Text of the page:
Lies, lies and damned statistics

“Daddy, I’ve been really good lately,” said DebtGirl, 5, over dinner last week.

Frankly, I was shocked by her comment. Until she defined “lately” as having started after lunchtime that day. True, post the lunchtime hissy fit that drew varied threats and sanctions, her behaviour had been excellent.

However, if the time measurement for behaviour was stretched to the whole day, or the preceeding week, any objective assessment of her demeanour would have been scored by the judges as “not within cooee of angelic”, or “just north of Poltergeist”.

I love comparisons and statistics. And DebtGirl’s attempt at spinning was admirable.

Statistics are fun reading … but only if you understand the time bias. The time bias is partly what 1800s British PM Benjamin Disraeli (who, like Kevin Rudd, was twice prime minister and not particularly popular among his own party) was referring to when he coined the phrase “lies, damned lies and statistics”.

That is, what statistics show depends on when you start and stop the count. Change the start or end point and the results will differ markedly.

With that disclaimer, the following statistic still doesn’t look so good.

When Kevin07 came to power in November 2007, the All Ordinaries was sitting at around 6500 points. Nine days ago – six years and three prime ministers after K-Rudd first came to office – the All Ords was at around 5150. A fall of roughly 20 per cent.

Few Australian governments in power for five years or more would have seen markets go backwards.

Further, statistics published in recent weeks suggest that under Labor, stock markets increase 9.5 per cent on average a year, while under Coalition governments, it’s 12.5 per cent.

I have no idea whether they’re accurate.

But, less than a week after the Government lost the election, media outlets are linking the new five-year highs for the stock market to the Coalition’s election? The result was accurately anticipated two weeks’ out. And the market was at similar levels in May, when Julia was still in charge.

So, do you dive into investment markets now that the Coalition is in power and the statistics suggest that the share market does better under Coalition governments?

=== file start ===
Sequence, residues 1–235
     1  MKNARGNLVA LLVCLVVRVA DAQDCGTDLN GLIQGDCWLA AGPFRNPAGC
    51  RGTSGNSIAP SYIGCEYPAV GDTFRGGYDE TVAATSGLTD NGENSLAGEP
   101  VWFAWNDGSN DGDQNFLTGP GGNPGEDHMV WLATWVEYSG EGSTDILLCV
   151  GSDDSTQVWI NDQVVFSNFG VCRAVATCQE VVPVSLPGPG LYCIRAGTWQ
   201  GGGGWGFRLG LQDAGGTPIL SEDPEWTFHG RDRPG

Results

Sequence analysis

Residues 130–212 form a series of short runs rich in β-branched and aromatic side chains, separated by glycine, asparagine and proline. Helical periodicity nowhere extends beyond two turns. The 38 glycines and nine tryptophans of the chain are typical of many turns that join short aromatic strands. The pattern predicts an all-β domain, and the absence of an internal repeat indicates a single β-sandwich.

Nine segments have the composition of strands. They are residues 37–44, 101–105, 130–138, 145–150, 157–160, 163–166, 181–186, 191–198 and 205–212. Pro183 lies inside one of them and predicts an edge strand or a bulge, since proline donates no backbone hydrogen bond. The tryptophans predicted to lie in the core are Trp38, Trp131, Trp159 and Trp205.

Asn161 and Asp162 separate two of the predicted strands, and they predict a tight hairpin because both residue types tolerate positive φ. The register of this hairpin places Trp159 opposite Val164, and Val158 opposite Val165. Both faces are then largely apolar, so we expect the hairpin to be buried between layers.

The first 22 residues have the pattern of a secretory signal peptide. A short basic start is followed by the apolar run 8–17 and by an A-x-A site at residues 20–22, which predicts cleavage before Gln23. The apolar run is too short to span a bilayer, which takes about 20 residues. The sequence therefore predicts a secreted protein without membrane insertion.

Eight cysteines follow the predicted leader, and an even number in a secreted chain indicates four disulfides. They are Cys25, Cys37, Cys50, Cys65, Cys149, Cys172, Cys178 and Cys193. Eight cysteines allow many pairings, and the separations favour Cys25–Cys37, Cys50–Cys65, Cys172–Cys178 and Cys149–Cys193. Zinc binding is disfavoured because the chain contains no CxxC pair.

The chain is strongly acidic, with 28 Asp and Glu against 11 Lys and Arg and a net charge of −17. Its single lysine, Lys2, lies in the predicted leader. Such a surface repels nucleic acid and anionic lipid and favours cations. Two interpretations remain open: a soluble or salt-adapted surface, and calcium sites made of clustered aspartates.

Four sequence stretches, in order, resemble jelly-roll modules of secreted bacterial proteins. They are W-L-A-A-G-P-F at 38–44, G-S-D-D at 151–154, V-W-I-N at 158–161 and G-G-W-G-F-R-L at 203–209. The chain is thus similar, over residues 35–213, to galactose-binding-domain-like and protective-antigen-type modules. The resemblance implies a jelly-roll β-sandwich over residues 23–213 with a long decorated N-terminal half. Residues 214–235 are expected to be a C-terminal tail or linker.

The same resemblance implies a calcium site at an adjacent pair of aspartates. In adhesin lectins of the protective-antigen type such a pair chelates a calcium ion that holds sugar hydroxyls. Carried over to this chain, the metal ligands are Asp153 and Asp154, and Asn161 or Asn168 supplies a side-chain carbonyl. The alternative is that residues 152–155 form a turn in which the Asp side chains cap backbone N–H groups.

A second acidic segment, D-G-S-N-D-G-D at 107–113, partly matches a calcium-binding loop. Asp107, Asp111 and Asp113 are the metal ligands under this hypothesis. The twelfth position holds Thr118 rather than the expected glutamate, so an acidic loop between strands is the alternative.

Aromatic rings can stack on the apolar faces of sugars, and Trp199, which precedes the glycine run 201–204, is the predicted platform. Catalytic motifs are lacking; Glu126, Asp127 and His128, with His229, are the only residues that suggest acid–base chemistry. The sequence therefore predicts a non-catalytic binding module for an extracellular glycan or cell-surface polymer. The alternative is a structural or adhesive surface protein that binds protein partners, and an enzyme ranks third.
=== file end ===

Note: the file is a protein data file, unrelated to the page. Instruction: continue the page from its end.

“Danger! Danger Will Robinson!”

Just read again this quote from former PM John Howard. “I will guarantee that interest rates are always going to be lower under a Coalition government.”

If interest rates fall further from their current record lows, you’ll have bigger things to worry about. Like holding onto your job. Possibly breathing.

How should investors treat an incoming Coalition government? By looking at the statistics, of course!

Statistics require reading over extended periods. Never react to one set of stats. Pointless. They’re off and on like a bride’s nightie.

Look for trends over months. Here are a few that are, reasonably, unarguable.

Interest rates are low, making money cheap and gearing attractive. Unemployment is low, but slowly rising. Business and consumer confidence seems to have bounced from the bottom and are showing signs of recovery.

The stock market has performed incredibly over the last 15 months. Is it still under fair value? Debatable. But it’s still a long way from the ridiculous highs of the dying days of the Howard Government.

Property appears, increasingly, to have bottomed this year and is rising again. Property booms tend to run for a few years at a time.

When I look at statistics, I don’t react to any individual stat that comes out (or DebtGirl’s behaviour would only be measured in time periods that suggested she is Australia’s second saint).

Sorry DebtGirl, but I follow stats over longer periods. Believe me, that also sometimes works in your favour, with dispensation for recent good behaviour when you’re tired and things turn sour.

Given the change of government, here’s are my predictions for the next 12 months.

Cash: Pitiful. Interest rates are dead. No pulse. Fixed interest: Run was too good for too long. Not much. Property: this is where the smart money is headed, because it has been held back for two years. Shares: Australia’s economy and companies aren’t being given enough credit, or pessimism is still too overwhelming.

But where markets head over the next 12 months has as little to do with the new government as it does with DebtGirl’s meal time antics.

Bruce Brammall is the author of Debt Man Walking (, a licensed financial adviser and mortgage broker.